As difficult as it is to use words to describe notes, an awful lot of people seem to want to do just that.
Scan just about any album page on iTunes or Amazon.com and you'll find dozens of music reviews written by customers. The blogosphere and chat forums, meanwhile, have spawned the garage-band equivalent of music reviewers as thousands of fans express their opinions. Call it the era of vox pop music critiques.
With all those voices, are professional music critics still relevant? As consumers become more attuned to the wisdom of the masses, a once-elite cadre of professional music writers is facing a new reality: They aren't as influential as they once were.
"Social networking, blogs, and the vast amount of information available via search engines on the Internet have definitely shifted the weight of critics," says Chuck Taylor, single reviews editor at Billboard magazine, in an e-mail.
Back in the days when cutting-edge music technology meant Dire Straits on compact disc, music critics had the advantage of receiving copies of new albums in advance of the public. Record buyers would read reviews before going to a record store (remember those?) to listen to an album.
Now artists such as Coldplay, Madonna, R.E.M., and Portishead have streamed albums online weeks in advance of their sale, allowing fans to formulate their own reviews. Radiohead, Nine Inch Nails, and The Raconteurs have gone one step further and made new albums instantly available online. "We wanted to get this record to fans, the press, radio, etc., all at the exact same time, so that no one has an upper hand on anyone else regarding its availability, reception, or perception," declared The Raconteurs ahead of March's "Consolers of the Lonely."
Greg Kot, music writer for the Chicago Tribune, applauds the concept: "I always hated the idea of the critic as being this oracle from on high delivering the last word on a subject." The multitude of voices online is exciting, he says, and the competition forces everyone to be better.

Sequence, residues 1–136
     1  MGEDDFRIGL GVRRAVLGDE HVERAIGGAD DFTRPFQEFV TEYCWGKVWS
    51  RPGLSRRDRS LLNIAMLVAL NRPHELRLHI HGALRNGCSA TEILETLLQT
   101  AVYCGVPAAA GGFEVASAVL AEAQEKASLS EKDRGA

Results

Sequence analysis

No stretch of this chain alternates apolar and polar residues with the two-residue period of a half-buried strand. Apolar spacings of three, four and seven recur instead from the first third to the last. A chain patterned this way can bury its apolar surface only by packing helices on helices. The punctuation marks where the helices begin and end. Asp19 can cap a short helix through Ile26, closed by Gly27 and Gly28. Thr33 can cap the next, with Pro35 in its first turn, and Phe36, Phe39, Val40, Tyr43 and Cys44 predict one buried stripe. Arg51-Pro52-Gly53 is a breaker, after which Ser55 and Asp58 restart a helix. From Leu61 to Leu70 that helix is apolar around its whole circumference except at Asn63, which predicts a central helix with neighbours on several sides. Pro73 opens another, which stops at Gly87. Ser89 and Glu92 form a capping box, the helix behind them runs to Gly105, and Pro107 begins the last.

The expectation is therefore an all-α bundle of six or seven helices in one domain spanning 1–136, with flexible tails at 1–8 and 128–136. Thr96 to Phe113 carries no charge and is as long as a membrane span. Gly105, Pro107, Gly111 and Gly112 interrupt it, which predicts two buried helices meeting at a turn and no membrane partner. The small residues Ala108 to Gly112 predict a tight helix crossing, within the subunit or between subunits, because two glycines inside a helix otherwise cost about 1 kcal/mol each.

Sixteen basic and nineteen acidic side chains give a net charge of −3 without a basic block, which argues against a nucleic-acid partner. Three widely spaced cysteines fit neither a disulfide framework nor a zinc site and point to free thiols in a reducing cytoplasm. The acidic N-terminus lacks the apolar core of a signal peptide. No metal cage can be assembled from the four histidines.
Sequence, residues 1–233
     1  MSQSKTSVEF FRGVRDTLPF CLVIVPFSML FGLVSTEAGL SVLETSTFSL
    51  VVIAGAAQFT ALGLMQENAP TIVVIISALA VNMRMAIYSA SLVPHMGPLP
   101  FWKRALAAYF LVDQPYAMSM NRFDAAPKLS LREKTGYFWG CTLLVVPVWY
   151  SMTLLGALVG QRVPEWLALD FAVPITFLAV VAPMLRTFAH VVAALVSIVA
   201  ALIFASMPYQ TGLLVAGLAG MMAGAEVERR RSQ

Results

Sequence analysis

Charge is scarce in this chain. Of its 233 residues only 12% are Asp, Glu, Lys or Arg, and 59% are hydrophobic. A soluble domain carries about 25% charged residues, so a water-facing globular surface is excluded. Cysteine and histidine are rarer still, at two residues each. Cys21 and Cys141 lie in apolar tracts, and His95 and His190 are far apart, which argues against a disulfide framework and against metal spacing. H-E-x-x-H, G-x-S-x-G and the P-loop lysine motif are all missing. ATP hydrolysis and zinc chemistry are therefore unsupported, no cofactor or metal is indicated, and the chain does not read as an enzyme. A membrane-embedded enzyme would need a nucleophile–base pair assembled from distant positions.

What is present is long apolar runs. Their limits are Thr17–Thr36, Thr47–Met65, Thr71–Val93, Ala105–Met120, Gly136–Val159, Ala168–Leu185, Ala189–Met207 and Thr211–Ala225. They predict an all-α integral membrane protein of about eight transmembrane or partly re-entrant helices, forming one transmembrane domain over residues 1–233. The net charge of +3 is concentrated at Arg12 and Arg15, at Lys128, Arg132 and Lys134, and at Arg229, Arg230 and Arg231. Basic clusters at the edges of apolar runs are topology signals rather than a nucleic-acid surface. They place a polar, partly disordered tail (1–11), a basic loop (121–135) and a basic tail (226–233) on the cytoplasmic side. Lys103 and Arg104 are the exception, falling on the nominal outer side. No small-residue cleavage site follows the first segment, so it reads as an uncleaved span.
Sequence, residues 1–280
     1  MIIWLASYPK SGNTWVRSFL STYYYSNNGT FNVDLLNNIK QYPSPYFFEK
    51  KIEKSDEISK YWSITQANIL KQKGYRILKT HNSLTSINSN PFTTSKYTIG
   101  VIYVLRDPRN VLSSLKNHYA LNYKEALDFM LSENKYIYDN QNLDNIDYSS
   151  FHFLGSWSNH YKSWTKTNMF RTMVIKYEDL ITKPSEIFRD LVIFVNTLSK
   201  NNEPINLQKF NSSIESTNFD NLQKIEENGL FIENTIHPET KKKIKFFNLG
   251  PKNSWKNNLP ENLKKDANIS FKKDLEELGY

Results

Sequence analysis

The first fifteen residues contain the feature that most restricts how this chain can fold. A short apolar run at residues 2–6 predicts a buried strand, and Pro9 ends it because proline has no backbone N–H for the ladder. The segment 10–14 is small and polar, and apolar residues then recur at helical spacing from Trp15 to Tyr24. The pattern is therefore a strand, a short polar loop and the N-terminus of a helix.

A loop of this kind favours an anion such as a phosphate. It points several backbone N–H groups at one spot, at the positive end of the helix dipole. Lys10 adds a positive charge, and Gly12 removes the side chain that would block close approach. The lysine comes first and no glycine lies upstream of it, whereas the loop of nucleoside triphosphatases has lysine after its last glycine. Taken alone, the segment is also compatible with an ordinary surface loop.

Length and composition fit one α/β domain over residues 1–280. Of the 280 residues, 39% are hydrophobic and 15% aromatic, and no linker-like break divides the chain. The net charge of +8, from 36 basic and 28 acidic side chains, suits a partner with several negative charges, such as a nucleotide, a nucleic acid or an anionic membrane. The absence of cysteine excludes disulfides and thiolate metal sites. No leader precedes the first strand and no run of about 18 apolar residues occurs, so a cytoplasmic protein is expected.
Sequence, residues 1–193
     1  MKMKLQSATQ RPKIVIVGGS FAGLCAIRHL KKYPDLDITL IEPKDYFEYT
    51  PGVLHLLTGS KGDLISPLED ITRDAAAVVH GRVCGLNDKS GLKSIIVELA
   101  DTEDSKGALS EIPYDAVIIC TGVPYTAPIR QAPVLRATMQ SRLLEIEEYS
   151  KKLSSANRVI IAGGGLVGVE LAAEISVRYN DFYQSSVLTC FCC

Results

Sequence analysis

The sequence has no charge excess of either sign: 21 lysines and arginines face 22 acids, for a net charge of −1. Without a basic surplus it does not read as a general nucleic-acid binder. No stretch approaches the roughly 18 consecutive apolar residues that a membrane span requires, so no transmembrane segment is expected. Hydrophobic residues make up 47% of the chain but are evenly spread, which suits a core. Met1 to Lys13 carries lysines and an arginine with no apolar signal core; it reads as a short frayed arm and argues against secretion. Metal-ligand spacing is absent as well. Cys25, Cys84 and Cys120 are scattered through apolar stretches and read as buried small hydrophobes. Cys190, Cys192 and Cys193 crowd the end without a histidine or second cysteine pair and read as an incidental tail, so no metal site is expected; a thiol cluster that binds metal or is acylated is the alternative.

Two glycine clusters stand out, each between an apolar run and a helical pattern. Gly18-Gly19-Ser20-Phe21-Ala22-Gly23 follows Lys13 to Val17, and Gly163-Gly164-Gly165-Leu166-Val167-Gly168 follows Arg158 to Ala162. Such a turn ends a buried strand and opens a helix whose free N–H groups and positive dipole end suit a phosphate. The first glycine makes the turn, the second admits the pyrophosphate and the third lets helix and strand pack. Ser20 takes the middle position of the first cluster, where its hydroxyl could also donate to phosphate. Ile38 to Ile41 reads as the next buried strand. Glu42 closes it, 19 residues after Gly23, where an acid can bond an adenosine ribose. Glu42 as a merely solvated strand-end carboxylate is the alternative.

But critics are being squeezed out. Over the past year, dozens of newspapers and news magazines have laid off movie, TV, book, food, and music reviewers. Zagat-style criticism gives ordinary readers an alternative to the musings of ordained connoisseurs.
Professional critics say they add particular value: cultural and musical context. For instance, a buzz band such as The Kooks might sound like innovators to an 18-year-old. A seasoned critic can point out that only a few chords, and a few vowels, separate The Kooks from The Kinks.
Music writers say that newspapers still have a role to play in reaching out to people in their 40s who are curious about their world – and what their teens are listening to.
But the future is still online, where a younger generation clusters around music blogs such as Stereogum and Brooklyn Vegan and discovers artists such as Colbie Caillat, Ingrid Michaelson, and Sara Bareilles through MySpace rather than radio or reviews.
To thrive in this medium, traditional media outlets may host online communities that create a dialogue between critic and reader. "I feel like I'm almost more part of a conversation than I am a tastemaker, and that's the way I like it," says Joan Anderman, music writer for The Boston Globe. "I also write a lot of feature stories and concert reviews, so we do a lot more than just pay attention to new product coming out."
That's just as well. The sheer number of new releases makes it impossible for regular critics to stay abreast – let alone discover the next big thing. It's also daunting to cover a landscape ranging from hip-hop to country to heavy metal to world music to jazz. Here, once again, the Internet has yielded specialist voices for different genres.
Still, some print outlets do have one advantage: their geographical settings, and the opportunities to spot local newcomers. "There is nothing more niche-oriented than covering your hometown," says Mr. Kot.
Fighting words. Yet many critics are resigned to the fact that a younger generation may never see value in what professional critics offer. "They're not really interested," sighs Ms. Anderman. "You do it anyway. You write about it and maybe 10 people discover it."